Sunday, February 25, 2018

#24 - Two and Two Make Twenty Two by Gwen Bristow and Bruce Manning (1932)

About this selection: This selection was scheduled to contain the solution to Baffle Case Number Three, The Alexander Mystery (presented in #22, The Bungalow on the Roof). However, there is only this brief mention on the dust jacket flap: "The results of the Baffle Case, The Alexander Mystery, have individually been sent to all contestants submitting solutions." This was the last mention of Baffle Cases in the series. 

Gwen Bristow (wikipedia)

About the authors: Here is a Wikipedia article about Gwen Bristow and her husband, Bruce Manning. They also authored three other novels in the Mystery League series (The Invisible HostThe Gutenberg Murders,  and The Mardi Gras Murders). 

Principal characters:
  • Brett Allison, owner of the Peacock Club
  • Major Jack Raymond, federal drug smuggling investigator
  • Andrew Dillingham, federal drug smuggling investigator
  • Linton Barclay, federal drug smuggling investigator
  • Daisy Dillingham, perky grandmother of Andrew Dillingham, amateur sleuth
  • Eva Shale, beautiful woman with a mysterious source of income
  • Imogen Cupping, guest of the club
  • Tracy Cupping, guest of the club, jealous husband of Imogen
  • Judith Garon, guest of the club, keeps busy with frequent changes of elegant clothing
  • -- Foster, potential buyer of the Peacock Club
  • Mrs. Penn, manager of the club, subject to hysterics
  • -- Warren, maitre d' and chaffeur of the club
  • Felicia Meade, telephone operator of the club
  • Beans, radio operator for the club
  • Pedro Artinza, crewman on Linton Barclay's yacht
  • John Smithcrewman on Linton Barclay's yacht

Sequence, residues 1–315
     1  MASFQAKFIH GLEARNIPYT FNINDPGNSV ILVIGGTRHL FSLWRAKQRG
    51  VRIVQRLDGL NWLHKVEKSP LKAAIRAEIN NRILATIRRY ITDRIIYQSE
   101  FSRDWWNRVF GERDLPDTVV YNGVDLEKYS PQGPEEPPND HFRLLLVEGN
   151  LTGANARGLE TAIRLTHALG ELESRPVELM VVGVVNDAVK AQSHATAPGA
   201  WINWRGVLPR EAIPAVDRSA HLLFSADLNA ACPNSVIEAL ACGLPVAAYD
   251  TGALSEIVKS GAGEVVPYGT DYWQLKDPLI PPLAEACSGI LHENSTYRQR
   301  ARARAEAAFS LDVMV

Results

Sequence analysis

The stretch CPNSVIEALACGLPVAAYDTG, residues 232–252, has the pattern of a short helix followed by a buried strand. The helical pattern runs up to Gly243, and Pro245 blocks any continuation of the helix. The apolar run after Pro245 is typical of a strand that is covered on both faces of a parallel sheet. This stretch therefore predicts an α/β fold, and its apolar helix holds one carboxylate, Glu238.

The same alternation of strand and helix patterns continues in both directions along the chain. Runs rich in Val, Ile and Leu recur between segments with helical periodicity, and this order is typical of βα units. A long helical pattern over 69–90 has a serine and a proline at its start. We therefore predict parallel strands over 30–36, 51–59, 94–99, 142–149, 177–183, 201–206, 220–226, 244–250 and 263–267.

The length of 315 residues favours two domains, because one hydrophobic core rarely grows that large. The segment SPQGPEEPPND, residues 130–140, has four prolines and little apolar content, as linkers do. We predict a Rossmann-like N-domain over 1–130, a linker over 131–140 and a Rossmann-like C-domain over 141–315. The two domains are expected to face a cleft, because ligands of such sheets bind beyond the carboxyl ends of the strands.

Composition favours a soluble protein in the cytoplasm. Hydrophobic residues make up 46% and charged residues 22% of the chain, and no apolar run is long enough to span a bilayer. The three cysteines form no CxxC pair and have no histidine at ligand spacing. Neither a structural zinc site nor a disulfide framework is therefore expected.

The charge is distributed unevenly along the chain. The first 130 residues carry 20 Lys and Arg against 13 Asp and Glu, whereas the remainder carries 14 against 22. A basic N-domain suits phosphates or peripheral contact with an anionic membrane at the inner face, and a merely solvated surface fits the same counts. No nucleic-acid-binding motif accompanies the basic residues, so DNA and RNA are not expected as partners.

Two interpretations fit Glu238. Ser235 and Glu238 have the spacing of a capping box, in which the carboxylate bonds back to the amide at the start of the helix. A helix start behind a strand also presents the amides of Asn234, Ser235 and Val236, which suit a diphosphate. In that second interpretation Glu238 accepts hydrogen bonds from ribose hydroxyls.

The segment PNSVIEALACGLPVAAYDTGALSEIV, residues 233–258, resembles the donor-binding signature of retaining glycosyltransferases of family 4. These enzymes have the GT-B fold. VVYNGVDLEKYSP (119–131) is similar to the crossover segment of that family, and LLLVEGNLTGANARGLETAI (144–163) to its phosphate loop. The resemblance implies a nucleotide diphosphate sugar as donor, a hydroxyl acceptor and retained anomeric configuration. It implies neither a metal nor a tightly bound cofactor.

Locale: Paradise Island, in the Gulf of Mexico off Mississippi


A storm is approaching Paradise Island in the Gulf of Mexico. The island is the site of the Peacock Club resort owned by Brett Allison. Most of the guests have gone to the mainland for the duration of the storm but a few remain. Of those remaining are three men investigating drug smuggling into the US via the Gulf (Major Jack Raymond, Andrew Dillingham, and Linton Barclay). 

A private plane lands - on the golf course, no less - to discharge Daisy Dillingham, grandmother of Andrew.

Just as the storm arrives, Linton Barclay is found murdered in his cottage, with Eva Shale present, but disclaiming any knowledge of the murder. The mainland authorities empower Brett Allison to secure the scene and begin the investigation.

It turns out pretty much everyone has a motive, and everyone was in the vicinity of the cottage at the time of the murder. The interviews boil down to a exhaustive query into everyone's movements and accusations. 

To better understand the setting, here is a sketch of my conception of the cottage area which I reverse-engineered from the text. 

Linton Barclay's cottage at the time of the murder.
Numbers indicate page number references.

The investigation gets derailed when Pedro Artinza and John Smith, crewmen on Linton Barclay's yacht, come ashore and start a fight. Artinza is injured. On his deathbed, he tells Daisy that Barclay has committed other murders by using his cane as a weapon. His dying comments allow Daisy to figure out who Barclay's murderer is.


This is one novel which cries out for a map of the environs, S. S. Van Dine or Ellery Queen style - so I had to sketch my own in the process. This is a classic stranded-on-the-island murder which is supposed to limit the cast of characters, but somehow new ones keep popping in periodically. One character, "McPherson" just shows up in the action with no explanation, and I am still not sure who "Warren" is either. 

The solution lies in breaking down the alibis of everyone over the time of the murder, and gets a little tedious (as real detective work goes, I suppose). Feisty Daisy solves the case by her observations, and is a good solid character. When she reveals the solution, my eyebrows went up at the surprising development.

There are some fair play issues which put the reader at a disadvantage. Daisy keeps some observations to herself and does not share them with the reader. The final resolution of what-to-do-with-the-murderer is certainly not kosher legally, but in a sense satisfying to the reader.

In addition, may I refer you to this fine synopsis and review posted by Bev Hankins on 

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